Transform Your Day With This 10-Minute Routine When You First Arrive at the Office Here's how focusing on the present before moving into the day's goals can change your outlook.
The phrase "daily grind" -- meaning a repetitive, tiresome work routine -- may have originated in the mid-1800s, but it's just as relevant today. Just 33 percent of U.S. workers are engaged in their jobs, according to a 2017 Gallup report -- and just four in 10 employees strongly agree that they've had opportunities to learn and grow in the past year.
If your days feel monotonous and this hits home, one key to turning things around might lie in the first 10 minutes of your work day. As soon as you sit down at your desk, you can practice mindfulness -- or focusing on the present -- and then move into your goals for the day.
Before you even open your inbox, close your eyes and check in with yourself, says Lodro Rinzler, co-founder of MNDFL meditation studios. Focus on the weight of your body in your chair and your feet on the ground, then take three slow, deep breaths -- in through the nose and out through the mouth.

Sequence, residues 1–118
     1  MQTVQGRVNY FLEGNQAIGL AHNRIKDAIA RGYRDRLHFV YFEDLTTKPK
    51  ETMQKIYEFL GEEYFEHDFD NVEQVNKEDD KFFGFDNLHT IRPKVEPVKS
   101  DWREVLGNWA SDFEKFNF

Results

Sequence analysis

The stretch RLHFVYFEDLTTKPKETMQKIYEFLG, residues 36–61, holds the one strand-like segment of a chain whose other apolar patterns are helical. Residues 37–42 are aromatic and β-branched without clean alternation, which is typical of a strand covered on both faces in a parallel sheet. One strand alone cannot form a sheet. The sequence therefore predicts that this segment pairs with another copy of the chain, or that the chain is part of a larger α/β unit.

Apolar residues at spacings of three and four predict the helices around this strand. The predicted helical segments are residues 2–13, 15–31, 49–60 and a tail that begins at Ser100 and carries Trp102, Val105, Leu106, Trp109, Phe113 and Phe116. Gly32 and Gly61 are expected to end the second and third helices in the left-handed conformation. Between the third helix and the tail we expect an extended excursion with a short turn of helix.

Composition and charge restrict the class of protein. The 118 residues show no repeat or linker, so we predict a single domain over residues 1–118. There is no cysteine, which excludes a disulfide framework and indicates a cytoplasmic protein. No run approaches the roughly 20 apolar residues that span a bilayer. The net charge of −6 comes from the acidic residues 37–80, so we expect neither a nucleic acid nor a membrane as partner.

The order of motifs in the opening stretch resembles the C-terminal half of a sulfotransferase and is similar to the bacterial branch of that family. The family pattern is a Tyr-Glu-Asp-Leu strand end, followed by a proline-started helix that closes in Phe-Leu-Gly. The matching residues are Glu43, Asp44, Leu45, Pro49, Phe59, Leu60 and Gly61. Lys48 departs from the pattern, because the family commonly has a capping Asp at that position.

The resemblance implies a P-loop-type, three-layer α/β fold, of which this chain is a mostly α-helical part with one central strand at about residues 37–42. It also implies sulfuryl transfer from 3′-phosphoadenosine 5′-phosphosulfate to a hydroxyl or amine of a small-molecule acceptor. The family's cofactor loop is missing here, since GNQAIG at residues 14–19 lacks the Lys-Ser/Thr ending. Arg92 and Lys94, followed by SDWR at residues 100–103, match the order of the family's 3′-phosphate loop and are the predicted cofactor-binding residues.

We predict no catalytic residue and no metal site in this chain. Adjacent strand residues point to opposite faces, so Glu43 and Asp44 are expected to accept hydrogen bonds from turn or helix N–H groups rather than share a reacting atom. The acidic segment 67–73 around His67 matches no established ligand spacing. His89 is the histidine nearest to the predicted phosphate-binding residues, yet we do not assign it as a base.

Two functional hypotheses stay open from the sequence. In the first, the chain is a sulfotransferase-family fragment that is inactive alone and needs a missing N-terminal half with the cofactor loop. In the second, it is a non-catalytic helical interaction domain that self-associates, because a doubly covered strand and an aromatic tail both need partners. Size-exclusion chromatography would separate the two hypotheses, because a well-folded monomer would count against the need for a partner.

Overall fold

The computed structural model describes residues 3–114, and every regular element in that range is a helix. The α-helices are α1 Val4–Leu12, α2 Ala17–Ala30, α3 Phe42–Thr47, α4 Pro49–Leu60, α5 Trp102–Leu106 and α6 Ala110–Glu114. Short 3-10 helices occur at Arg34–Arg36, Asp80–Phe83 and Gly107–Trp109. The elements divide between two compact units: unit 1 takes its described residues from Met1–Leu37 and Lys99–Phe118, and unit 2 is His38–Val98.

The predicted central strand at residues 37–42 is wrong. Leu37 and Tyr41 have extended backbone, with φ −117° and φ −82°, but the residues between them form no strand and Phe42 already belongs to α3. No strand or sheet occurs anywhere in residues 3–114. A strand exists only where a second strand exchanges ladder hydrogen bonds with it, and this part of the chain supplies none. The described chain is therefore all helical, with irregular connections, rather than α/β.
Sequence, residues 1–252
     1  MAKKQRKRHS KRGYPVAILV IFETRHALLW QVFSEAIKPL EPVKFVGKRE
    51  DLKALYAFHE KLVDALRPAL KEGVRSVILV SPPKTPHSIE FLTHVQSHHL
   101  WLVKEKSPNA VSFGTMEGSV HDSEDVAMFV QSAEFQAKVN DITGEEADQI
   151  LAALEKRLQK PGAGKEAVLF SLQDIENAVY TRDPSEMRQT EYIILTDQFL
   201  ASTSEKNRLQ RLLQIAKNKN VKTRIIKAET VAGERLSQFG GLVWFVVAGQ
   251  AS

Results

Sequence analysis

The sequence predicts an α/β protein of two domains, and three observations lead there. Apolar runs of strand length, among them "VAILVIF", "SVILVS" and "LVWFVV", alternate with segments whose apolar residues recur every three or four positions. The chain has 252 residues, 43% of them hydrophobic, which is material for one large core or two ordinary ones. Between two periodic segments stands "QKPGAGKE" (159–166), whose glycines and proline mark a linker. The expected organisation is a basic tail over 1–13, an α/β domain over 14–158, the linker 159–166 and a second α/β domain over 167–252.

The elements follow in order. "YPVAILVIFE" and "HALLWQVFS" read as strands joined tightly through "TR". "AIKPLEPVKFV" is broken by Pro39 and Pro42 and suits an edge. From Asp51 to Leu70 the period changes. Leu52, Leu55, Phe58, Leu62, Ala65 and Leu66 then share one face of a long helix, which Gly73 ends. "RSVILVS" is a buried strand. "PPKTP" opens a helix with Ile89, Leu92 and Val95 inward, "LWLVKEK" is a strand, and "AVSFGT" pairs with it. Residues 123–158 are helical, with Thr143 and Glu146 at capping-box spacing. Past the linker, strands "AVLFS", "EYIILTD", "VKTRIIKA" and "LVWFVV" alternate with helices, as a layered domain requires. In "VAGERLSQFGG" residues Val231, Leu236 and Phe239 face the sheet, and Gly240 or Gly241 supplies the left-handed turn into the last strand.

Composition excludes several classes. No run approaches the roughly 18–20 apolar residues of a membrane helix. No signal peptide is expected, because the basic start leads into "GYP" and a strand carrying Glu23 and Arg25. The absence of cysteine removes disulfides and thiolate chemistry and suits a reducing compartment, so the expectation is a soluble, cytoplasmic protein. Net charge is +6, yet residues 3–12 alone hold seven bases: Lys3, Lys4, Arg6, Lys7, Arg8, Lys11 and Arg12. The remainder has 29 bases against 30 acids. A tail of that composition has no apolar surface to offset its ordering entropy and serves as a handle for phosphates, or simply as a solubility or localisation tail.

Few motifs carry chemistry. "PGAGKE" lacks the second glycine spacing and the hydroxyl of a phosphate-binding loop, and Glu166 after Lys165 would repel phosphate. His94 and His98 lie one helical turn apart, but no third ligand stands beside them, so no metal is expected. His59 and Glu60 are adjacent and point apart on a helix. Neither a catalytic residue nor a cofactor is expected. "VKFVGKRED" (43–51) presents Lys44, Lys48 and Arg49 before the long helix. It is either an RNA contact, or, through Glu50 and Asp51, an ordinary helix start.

Once you feel calm and centered, think about your big-picture goals for the day. "Ask yourself: What qualities do I want to cultivate today? Who do I want to be? How do I want to show up for my workplace today?" Rinzler says. "Whatever we place our attention on ultimately grows throughout the course of the day."
Next, try moving onto more concrete task goals. Write down what you'd like to accomplish today, but try not to overload yourself -- and list your tasks in order of urgency. If a traditional list feels too run-of-the-mill -- or you feel overwhelmed with work -- try drawing a grid and designating your to-dos via the "Eisenhower Matrix," a task organizer inspired by President Dwight D. Eisenhower.
While you're at it, set a quiet timer or calendar alert for every 30 or 60 minutes. Whenever you're pinged during the day, turn your eyes away from your screen for at least a minute. That can look like taking a quick walk around the room or simply focusing on your surroundings -- just give your eyes a break. Doing this can help you make your energy last and avoid feeling drained at day's end.